Author(s): Gatenby RA, Frieden BR
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Abstract The storage and transmission of information is vital to the function of normal and transformed cells. We use methods from information theory and Monte Carlo theory to analyze the role of information in carcinogenesis. Our analysis demonstrates that, during somatic evolution of the malignant phenotype, the accumulation of genomic mutations degrades intracellular information. However, the degradation is constrained by the Darwinian somatic ecology in which mutant clones proliferate only when the mutation confers a selective growth advantage. In that environment, genes that normally decrease cellular proliferation, such as tumor suppressor or differentiation genes, suffer maximum information degradation. Conversely, those that increase proliferation, such as oncogenes, are conserved or exhibit only gain of function mutations. These constraints shield most cellular populations from catastrophic mutator-induced loss of the transmembrane entropy gradient and, therefore, cell death. The dynamics of constrained information degradation during carcinogenesis cause the tumor genome to asymptotically approach a minimum information state that is manifested clinically as dedifferentiation and unconstrained proliferation. Extreme physical information (EPI) theory demonstrates that altered information flow from cancer cells to their environment will manifest in-vivo as power law tumor growth with an exponent of size 1.62. This prediction is based only on the assumption that tumor cells are at an absolute information minimum and are capable of "free field" growth that is, they are unconstrained by external biological parameters. The prediction agrees remarkably well with several studies demonstrating power law growth in small human breast cancers with an exponent of 1.72+/-0.24. This successful derivation of an analytic expression for cancer growth from EPI alone supports the conceptual model that carcinogenesis is a process of constrained information degradation and that malignant cells are minimum information systems. EPI theory also predicts that the estimated age of a clinically observed tumor is subject to a root-mean square error of about 30\%. This is due to information loss and tissue disorganization and probably manifests as a randomly variable lag phase in the growth pattern that has been observed experimentally. This difference between tumor size and age may impose a fundamental limit on the efficacy of screening based on early detection of small tumors. Independent of the EPI analysis, Monte Carlo methods are applied to predict statistical tumor growth due to perturbed information flow from the environment into transformed cells. A "simplest" Monte Carlo model is suggested by the findings in the EPI approach that tumor growth arises out of a minimally complex mechanism. The outputs of large numbers of simulations show that (a) about 40\% of the populations do not survive the first two-generations due to mutations in critical gene segments; but (b) those that do survive will experience power law growth identical to the predicted rate obtained from the independent EPI approach. The agreement between these two very different approaches to the problem strongly supports the idea that tumor cells regress to a state of minimum information during carcinogenesis, and that information dynamics are integrally related to tumor development and growth.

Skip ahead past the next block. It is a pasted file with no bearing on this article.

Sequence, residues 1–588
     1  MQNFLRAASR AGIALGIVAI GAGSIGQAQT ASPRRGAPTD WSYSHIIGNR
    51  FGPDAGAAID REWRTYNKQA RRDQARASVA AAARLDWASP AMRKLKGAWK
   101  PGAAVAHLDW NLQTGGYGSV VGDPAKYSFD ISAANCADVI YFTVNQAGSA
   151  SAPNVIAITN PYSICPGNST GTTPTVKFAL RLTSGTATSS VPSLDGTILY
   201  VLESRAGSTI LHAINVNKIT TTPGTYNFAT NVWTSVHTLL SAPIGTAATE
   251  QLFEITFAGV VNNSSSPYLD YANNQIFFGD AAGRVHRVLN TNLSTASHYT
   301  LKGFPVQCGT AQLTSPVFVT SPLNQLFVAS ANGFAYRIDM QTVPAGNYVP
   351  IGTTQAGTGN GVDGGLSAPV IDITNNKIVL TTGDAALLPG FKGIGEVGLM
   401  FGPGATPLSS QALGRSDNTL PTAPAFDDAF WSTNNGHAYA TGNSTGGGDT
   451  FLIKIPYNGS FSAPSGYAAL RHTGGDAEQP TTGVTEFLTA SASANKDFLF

This article was published in Mutat Res
and referenced in Journal of Physical Chemistry & Biophysics